Cheat Sheet: E-newsletters

E-newsletters are a popular marketing tool, but can you produce an electronic newsletter that’s not only opened but also welcomed by your attendees and exhibitors? Here are a few pointers to make your e-newsletters more successful.

When to send e-newsletters and how often

There’s not a cut-and-dry formula for when to send an e-newsletter and how often. Evaluate your show’s specific needs.  What is the audience’s “need-to-know” factor? Some shows schedule their e-newsletter distribution schedule around important deadlines — especially for exhibitor e-newsletters. Other shows have a mailing schedule that ramps up as the show approaches — this is especially true for attendee-driven e-newsletters. Many shows begin with a monthly e-newsletter when show registration opens. Then increase to bi-weekly as deadlines for registration and housing approach, and then weekly in the final weeks before the show.

Customize the content

• Don’t send the same material to buyers and exhibitors. They need to know different things. Give them what they need. • The pitches you send to previous attendees or exhibitors should be different from those you send to potential new participants. Prospects need to know the value of the show; return attendees need to know what’s new this time to make it worth coming back. • Change the content after an attendee or exhibitor has registered. Never send a “sign up now” e-mail to someone who has already signed up. It’s a nuisance to them and makes you look inefficient. • Use fresh content in every successive e-newsletter. • Generally, shorter is better. A quick, newsy approach is best, and the content must be useful. Regardless of the audience, people are busy; respect their time. • Use links to send readers to a Web page for registration or to a PDF newsletter with more graphics, rather than trying to embed too many graphics in your e-mail.

What to include for attendees Industry news briefs — What are the big stories in your industry? Try forming a partnership with a trade magazine to obtain meaningful news items.

Product announcements — These can be helpful, but be careful to avoid product announcements that sound like ads. Also, develop a clear policy about which products will be included. It’s often not possible to include them all, and you can create tension with exhibitors if their product is left out.

Tips on show discounts and deals — Are you offering a discount for pre-registration?

Networking opportunities — Networking is one of the primary reasons people attend. Special events — Does your show have any dinners or receptions for invited guests only, such as first-timer events or international attendee receptions?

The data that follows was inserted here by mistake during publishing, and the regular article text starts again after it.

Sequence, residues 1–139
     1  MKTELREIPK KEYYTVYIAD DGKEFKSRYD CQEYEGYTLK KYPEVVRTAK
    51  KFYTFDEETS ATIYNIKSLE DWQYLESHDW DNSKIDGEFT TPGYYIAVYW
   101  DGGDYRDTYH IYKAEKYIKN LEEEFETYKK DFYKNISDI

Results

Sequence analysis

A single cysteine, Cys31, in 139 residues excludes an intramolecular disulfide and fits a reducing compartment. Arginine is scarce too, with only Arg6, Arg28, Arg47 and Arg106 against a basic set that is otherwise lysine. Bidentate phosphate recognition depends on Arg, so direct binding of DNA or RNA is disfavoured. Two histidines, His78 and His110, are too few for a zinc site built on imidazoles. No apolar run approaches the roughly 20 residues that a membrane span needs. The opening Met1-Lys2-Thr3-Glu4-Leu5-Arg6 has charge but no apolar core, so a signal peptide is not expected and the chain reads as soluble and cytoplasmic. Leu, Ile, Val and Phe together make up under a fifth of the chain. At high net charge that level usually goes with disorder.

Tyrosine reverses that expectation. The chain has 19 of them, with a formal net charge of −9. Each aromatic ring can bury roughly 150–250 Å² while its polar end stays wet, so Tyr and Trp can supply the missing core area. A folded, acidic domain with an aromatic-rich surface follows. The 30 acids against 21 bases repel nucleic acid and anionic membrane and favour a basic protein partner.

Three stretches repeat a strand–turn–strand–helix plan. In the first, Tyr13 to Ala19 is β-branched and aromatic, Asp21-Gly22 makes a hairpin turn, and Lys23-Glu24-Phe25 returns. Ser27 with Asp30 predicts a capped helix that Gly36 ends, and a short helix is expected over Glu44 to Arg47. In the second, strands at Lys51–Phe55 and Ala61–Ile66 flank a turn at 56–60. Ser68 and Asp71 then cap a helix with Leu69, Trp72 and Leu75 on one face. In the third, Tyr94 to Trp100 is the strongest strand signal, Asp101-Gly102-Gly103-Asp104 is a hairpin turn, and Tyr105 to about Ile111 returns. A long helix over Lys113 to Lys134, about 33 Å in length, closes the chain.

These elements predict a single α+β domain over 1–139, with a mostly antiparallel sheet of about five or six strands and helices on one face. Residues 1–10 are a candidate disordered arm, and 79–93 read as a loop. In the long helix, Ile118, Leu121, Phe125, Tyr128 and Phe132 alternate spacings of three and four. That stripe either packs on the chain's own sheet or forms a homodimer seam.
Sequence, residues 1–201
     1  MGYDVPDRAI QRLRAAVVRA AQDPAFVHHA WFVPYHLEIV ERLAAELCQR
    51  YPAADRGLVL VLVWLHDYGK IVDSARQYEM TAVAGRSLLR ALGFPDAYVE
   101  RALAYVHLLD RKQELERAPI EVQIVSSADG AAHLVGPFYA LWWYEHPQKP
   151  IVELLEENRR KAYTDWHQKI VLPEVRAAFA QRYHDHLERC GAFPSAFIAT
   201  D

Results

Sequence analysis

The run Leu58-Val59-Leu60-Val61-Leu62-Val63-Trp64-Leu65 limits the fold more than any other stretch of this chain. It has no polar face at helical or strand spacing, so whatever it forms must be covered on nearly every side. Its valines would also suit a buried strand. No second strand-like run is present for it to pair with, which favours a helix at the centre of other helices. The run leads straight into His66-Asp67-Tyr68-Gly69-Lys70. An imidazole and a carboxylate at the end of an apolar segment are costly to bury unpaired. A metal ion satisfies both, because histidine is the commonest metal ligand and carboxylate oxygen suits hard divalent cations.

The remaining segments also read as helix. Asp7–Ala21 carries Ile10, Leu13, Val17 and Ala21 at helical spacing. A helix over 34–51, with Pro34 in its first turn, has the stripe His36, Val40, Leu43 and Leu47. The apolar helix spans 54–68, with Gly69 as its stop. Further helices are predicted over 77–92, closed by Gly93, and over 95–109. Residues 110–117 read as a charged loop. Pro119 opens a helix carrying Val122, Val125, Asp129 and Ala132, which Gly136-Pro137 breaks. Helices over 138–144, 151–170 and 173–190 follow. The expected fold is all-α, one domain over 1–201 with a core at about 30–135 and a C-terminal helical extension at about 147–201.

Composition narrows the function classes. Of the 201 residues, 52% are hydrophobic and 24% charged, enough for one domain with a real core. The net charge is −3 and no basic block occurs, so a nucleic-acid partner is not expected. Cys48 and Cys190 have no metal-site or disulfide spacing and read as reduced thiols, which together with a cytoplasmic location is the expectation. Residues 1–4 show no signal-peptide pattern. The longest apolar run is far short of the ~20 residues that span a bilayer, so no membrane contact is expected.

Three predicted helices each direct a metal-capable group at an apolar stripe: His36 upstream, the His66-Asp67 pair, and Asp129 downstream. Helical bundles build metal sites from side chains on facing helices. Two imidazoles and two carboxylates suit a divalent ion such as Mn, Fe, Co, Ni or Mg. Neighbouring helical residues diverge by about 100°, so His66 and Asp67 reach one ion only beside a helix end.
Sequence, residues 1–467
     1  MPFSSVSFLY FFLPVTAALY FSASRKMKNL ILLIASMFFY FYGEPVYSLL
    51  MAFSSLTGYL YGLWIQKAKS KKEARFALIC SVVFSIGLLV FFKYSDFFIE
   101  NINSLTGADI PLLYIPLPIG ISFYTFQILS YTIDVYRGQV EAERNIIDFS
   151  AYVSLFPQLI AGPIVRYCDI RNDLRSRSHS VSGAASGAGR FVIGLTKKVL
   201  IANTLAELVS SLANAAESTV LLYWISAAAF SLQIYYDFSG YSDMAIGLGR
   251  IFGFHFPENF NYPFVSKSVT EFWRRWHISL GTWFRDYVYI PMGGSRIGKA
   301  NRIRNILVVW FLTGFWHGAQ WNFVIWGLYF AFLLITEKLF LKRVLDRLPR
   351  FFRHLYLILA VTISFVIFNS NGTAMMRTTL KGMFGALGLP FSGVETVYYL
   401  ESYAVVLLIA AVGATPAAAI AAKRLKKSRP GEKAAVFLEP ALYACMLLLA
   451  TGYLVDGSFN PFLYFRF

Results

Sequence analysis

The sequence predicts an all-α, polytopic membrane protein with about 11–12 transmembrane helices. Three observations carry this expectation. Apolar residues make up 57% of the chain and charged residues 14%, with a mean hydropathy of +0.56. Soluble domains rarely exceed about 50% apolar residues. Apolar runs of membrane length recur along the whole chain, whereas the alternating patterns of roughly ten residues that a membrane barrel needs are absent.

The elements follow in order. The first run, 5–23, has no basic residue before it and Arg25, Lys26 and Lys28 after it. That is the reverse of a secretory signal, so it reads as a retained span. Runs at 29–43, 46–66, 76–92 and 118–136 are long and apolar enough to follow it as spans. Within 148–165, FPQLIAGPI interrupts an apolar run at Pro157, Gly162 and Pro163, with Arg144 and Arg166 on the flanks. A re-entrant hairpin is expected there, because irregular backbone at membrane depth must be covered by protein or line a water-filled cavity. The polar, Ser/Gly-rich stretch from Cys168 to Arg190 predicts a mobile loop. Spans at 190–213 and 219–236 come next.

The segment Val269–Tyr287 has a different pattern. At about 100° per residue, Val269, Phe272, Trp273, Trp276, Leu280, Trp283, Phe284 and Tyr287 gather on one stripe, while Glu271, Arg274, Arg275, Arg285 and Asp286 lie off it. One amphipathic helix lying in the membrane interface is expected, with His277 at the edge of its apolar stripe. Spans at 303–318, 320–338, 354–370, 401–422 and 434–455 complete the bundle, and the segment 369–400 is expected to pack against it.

Destination briefs — What’s available to do after the show?

What to include for exhibitors Updates on attendance such as number of attendees registered or major buyers they can expect to see

Special promotion opportunities such as coupon giveaways, or traffic-building promotions such as bingo cards

Cost-saving tips such as ordering stock carpet, or the best way to package goods to be shipped.

Restaurants nearby where exhibitors can host clients

Get them to open and read it

• Be sure the subject line and sender address are honest and obvious. Use the show name or association name in the subject line. If you’re using an outside distributor, be sure your organization appears as the sender. • Avoid sales-oriented words like “free” or abbreviations such as “adv” that may be red flags to spam filters and blocking programs. Send test messages to determine the spam score your e-mail may receive. • Limit the number of sponsorships and ads in your attendee e-newsletters. Keep sponsorship acknowledgments short and simple. • Ask for reader feedback or survey responses and give readers access to the accumulated data. • Coordinate distribution with all your other communications to be sure your customers are not inundated with promotions.

Measure your success

• Evaluate the number of visitors to your Web site vs. the number of people who sign up for e-newsletters. • Track the number of people who unsubscribe and when. If a high number unsubscribe after only one or two e-newsletters, consider what you promised and may not have delivered. • Count the number of bounces, opens and click-throughs to linked information or Web sites. You can also track “forward” counts if you include a special “forward to a friend” link. • Use other interactive techniques such as surveys and quick feedback or information-request mechanisms. • Time your mailings. A survey found highest delivery rates to be weekdays, in order: Monday, Tuesday, Thursday and Wednesday. And the best delivery time was between 6 a.m. and 10 a.m.


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